03.14.11: The importance of saving America's teeny, tiny foreign aid budget
Day one of the National CARE Conference was a party. Day two was a little like high school: First, we found our friends among the 1200 men and women who came from all over the world to learn about global poverty eradication.
My conference BFF was Sarah, who was my guide and translator when I traveled to Peru to write about CARE’s successful maternal health programs. Sarah and I share similar “class clown” tendencies and had a tough time controlling our giggles and whispers as we caught up on two years of news and gossip. What can I say? It’s hard to be a straight-faced, save-the-world advocate all the time. One of the more serious conference participants gave us the stink eye so we took it out in the hall until we could pull ourselves together.
There, I ran into a young woman I’d met at another CARE function. She’s newly pregnant and rushed up to share her news. “I had a little bleeding in the first few weeks. I Googled ‘bleeding and pregnancy,’ and the first link I found was your blog. I was so reassured.” Connections are made all over the world and I felt lucky to lend my support as she walked into new motherhood.
Then we moved at a fast pace between workshops and panel discussions where we learned about three focus issues at the center of this year’s conference:
1. Education for all girls
2. Employment and microfinance opportunities for women
3. The importance of saving America’s teeny, tiny foreign aid budget.
Keynote speakers, Melinda Gates and Laura Bush provided a bipartisan appeal to our Congressmen and Senators to continue funding programs that support the most vulnerable and potentially powerful women in the world – those living in developing countries. We learned things like:
• For every year a girl spends in elementary school, she increases her income potential by 10-15 percent. If she progresses through secondary education, she increases it by 20-25% per year. The children of women who get a basic education have dramatically better odds of living to the age of five than illiterate, uneducated women.
• Women in developing countries who participate in village savings and loans programs work personal miracles. They pool saved pennies in a lock box, learn money management skills and when they need a loan for something like small business or school supplies, they borrow. Almost invariably, they pay it back. The combined savings earns excellent interest and multiplies their investment rapidly.
The thing I found most interesting was this:
• A recent poll revealed that most Americans think that our nation’s foreign aid contributions make up 25-40 percent of the total American budget. They think that’s a crazy, unreasonable chunk considering our economic situation and we should be spending only 10 percent overseas for food security, healthcare, agriculture, infrastructure, education, health care and emergency relief. Only 10 percent! That’s outrageous! Why? Because in reality, the foreign aid budget makes up less than one percent of our total national budget. Dare to dream of a world where we contribute 10 times the resources we currently allocate to support women and children in need.
The budget is the biggest political issue in Washington this month. It’s important that our Senators and Congressman make big budgetary cuts, but not here. Foreign aid is key to global security and American economic security. Even key officials at the Defense Department are begging Representatives to leave this tiny speck of budget alone. Make cuts elsewhere, please.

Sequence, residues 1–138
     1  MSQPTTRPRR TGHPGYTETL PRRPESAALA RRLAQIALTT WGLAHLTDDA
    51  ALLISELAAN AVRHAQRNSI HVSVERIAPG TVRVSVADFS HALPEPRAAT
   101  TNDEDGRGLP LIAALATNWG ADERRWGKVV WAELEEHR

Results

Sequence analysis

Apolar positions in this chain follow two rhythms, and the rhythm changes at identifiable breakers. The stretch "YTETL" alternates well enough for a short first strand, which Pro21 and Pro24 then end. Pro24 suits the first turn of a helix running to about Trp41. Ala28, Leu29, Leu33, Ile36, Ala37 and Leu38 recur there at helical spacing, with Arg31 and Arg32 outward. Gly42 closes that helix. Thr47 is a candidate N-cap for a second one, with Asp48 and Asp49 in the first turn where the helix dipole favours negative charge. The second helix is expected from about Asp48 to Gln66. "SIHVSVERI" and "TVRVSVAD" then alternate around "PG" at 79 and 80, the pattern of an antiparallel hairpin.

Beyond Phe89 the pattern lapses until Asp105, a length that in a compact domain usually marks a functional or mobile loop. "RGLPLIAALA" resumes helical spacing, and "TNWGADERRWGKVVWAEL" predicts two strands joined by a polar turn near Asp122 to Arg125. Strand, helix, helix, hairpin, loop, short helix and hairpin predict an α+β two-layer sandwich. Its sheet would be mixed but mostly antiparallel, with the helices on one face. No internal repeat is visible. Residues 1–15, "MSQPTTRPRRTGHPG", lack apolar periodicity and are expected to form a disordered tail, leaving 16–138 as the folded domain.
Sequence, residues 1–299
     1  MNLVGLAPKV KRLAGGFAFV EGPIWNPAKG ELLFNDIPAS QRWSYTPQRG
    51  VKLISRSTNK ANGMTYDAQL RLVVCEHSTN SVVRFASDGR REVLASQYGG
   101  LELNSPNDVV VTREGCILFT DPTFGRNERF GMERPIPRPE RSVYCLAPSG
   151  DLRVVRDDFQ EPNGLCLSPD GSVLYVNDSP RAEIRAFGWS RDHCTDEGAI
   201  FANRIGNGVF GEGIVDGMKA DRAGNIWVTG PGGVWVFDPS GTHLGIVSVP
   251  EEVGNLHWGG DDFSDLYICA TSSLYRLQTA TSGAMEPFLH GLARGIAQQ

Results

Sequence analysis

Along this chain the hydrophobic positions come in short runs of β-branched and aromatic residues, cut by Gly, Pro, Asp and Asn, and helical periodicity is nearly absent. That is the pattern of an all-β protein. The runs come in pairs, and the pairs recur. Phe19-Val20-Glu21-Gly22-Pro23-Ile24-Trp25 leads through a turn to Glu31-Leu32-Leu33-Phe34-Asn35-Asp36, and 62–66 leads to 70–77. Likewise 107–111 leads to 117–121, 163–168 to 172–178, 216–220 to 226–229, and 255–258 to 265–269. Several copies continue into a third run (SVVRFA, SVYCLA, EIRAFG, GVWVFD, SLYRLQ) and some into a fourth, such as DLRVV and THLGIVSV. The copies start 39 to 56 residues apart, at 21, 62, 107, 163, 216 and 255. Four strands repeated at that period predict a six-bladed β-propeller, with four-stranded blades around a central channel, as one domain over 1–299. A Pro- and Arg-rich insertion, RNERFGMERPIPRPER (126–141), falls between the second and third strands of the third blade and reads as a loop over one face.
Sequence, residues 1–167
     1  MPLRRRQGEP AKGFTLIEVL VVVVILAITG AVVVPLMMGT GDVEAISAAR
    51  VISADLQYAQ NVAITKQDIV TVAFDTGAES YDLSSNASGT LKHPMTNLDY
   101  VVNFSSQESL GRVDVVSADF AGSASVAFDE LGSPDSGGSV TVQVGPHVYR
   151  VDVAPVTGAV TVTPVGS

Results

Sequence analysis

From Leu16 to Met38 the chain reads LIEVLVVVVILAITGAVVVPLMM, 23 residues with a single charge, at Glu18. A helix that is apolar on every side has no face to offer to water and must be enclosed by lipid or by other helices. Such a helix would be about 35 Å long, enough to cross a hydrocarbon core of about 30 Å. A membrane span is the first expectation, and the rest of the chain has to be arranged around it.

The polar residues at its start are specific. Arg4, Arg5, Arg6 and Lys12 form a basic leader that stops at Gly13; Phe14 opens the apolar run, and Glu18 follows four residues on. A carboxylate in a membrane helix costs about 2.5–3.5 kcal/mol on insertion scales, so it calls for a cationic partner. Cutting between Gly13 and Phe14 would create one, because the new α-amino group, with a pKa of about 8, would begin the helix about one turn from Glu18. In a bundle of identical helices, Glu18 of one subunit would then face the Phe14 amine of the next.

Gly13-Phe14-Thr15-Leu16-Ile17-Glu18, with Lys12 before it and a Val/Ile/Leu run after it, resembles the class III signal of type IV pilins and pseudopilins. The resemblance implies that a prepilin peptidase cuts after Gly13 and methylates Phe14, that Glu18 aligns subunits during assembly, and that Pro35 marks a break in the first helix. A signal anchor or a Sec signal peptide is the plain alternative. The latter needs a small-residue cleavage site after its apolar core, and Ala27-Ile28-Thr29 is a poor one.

That’s the message we took to the Hill on Day Three. A storm troop of 1200 CARE supporters invaded House and Senate offices. We clustered into state groups and held meetings asking our representatives:
• Please, save the foreign affairs budget from being slashed to bits
• Support the Education for All Act when it is reintroduced, and
• Support employment, microfinance and economic opportunities for women in developing countries.
My group of six held seven meetings in two Senator’s and five Congressmen’s offices, lobbying like the non-professionals we are. Kelly (part of my group) was pregnant and still in that “green-in-the-morning” phase. It was no easy feat for her to dress up, show up and run with the pack from meeting-to-meeting. She’s not showing yet, but an experienced eye recognizes pregnancy when she bought red Jell-o, dried apricots and pickled veggies for our lunch in the Senate cafeteria. She wound up being a powerful advocate.
When I finally taxied to the DC airport, aiming for home, I was exhausted and exhilarated. And that’s where I stayed for hours as flights were delayed and cancelled due to weather conditions. I eventually wound up in an airport hotel where I clicked on the news and learned of the powerful earthquake and Tsunami that hit Japan. And just like that, the world turns and thousands (millions?) of people need our help. And we will help, because Americans have the most to give and we care. Hopefully, the foreign aid budget will back us up.
How can you help?
• Log on to CARE.org and check out the new CARE package.
• Contact your state Representatives and ask them to fully fund the foreign affairs budget.
Or, find your own way to put your talents to work:
• Sarah, Mary and Hikari are studying public health, social work, education and environmental science.
• David teaches with Americorps in underfunded schools.
• Matthew screenprints t-shirts and donates proceeds directly to homeless people.
• Amanda is into yoga and works with Off The Mat Into The World helping develop birth centers in Africa.
The important thing is this: We’re all in it together and we each have our way, but when we come together, we can be truly powerful.
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